Submitted to: Journal of Genetics and Breeding
Publication Type: Peer Reviewed Journal
Publication Acceptance Date: 7/27/2000
Publication Date: N/A
Citation: N/A Interpretive Summary: The fall armyworm is a major insect pest of field and sweet corn in many parts of the Americas. Infestations of fall armyworm often reach devastating levels in the southern USA with yield losses up to 2% annually. Fall armyworm damage is often a limiting factor in the production of late-planted sweet corn. Knowledge of how resistance to fall armyworm is inherited in sweet corn would be useful to plant breeders in developing effective breeding strategies for incorporating resistance into new sweet corn germplasm lines. In this investigation, 11 supersweet corn lines were crossed to Mp708, a fall armyworm resistant field corn germplasm line developed by USDA, ARS scientists at Mississippi State, MS. An evaluation of the segregating F2 populations indicated that fall armyworm resistance was highly heritable and was not linked to the gene for sweetness. Mp708 was a good source of resistance to fall armyworm and should be useful to plant breeders incorporating resistance into sweet corn hybrids. Growing resistant hybrids will reduce the need for insecticides in sweet corn production.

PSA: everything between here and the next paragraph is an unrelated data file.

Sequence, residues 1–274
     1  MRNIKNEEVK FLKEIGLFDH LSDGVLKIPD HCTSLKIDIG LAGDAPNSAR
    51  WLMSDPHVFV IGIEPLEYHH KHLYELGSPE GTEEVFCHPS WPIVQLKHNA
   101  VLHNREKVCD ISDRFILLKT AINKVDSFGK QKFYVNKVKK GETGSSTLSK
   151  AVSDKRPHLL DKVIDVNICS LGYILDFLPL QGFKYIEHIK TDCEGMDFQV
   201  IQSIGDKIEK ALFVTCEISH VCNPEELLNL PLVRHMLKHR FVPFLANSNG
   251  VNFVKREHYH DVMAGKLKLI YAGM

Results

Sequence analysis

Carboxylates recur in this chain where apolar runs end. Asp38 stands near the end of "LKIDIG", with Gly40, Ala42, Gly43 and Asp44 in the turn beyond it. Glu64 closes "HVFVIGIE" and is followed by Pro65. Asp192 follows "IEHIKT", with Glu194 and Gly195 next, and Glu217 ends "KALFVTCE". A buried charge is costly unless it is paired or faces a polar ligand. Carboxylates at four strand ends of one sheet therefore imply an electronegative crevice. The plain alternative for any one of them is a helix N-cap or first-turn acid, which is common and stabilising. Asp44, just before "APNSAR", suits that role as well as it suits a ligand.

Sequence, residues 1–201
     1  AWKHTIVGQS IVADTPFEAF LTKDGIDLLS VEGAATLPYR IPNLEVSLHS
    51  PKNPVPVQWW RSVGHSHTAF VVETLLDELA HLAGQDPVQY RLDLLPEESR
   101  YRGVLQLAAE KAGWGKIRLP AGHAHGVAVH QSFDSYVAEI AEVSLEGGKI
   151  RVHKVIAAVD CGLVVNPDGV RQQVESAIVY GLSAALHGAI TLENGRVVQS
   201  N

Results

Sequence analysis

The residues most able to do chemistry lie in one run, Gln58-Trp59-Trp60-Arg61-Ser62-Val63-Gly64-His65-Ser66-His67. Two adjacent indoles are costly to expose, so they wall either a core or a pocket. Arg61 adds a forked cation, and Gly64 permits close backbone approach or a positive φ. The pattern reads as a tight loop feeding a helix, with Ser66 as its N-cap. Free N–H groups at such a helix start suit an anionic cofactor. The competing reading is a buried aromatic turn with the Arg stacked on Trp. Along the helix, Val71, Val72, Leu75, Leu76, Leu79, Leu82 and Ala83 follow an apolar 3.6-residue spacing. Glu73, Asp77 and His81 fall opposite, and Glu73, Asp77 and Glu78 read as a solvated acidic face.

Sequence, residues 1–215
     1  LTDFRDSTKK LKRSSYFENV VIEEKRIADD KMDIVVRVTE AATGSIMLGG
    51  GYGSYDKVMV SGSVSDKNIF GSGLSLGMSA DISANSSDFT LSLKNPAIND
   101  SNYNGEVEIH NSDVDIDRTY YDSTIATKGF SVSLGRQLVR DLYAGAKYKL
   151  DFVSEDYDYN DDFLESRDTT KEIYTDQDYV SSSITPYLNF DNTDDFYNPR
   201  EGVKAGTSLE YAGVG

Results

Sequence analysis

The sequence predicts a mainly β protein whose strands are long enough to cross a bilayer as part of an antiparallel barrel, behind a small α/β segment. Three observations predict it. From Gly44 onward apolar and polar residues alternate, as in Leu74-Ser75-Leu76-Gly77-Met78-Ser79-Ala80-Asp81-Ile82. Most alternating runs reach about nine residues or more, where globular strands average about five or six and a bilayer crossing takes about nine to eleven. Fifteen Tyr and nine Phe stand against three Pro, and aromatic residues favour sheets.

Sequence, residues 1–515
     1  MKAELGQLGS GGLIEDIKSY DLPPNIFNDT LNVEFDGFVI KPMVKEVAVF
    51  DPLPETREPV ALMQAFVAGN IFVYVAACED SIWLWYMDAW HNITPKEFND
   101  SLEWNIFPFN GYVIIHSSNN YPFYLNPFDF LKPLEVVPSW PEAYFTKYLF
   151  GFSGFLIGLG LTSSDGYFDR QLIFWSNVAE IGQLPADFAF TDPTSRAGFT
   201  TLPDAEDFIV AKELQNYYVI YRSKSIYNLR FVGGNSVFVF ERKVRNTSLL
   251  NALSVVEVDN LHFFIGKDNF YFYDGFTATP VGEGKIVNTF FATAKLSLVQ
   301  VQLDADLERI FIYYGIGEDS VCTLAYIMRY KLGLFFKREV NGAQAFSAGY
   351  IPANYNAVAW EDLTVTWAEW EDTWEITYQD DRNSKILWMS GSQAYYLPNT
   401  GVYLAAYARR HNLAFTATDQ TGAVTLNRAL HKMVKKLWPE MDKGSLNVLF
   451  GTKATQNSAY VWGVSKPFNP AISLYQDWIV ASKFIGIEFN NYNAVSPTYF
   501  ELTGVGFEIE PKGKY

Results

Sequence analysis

Technical Abstract: Fall armyworm is a major insect pest in field and sweet corn in many parts of the Americas. Knowledge of the heritability of fall armyworm resistance in sweet corn would help breeders to more effectively plan strategies for incorporating resistance into new corn germplasm. The objectives of this study were to estimate heritability for fall armyworm resistance and predict selection gain in sweet corn. Seven inbred lines and four commercial single cross sweet corn hybrids, all homozygous for the shrunken-2 gene for sweetness, were crossed to Mp708, a fall armyworm resistant field corn line. The F2 populations were subdivided with half being selected for the shrunken-2 trait and the other half left unselected. Parents and their respective F2 populations were artificially infested with fall armyworm larvae and evalauted for leaf feeding damage. Heritability estimates ranged from 0.22 to 0.93 depending on the method of estimation. Populations homogeneous for shrunken-2 resulted in higher than expected gains in resistance; however, resistance to fall armyworm damage did not appear to be linked to the shrunken-2 gene.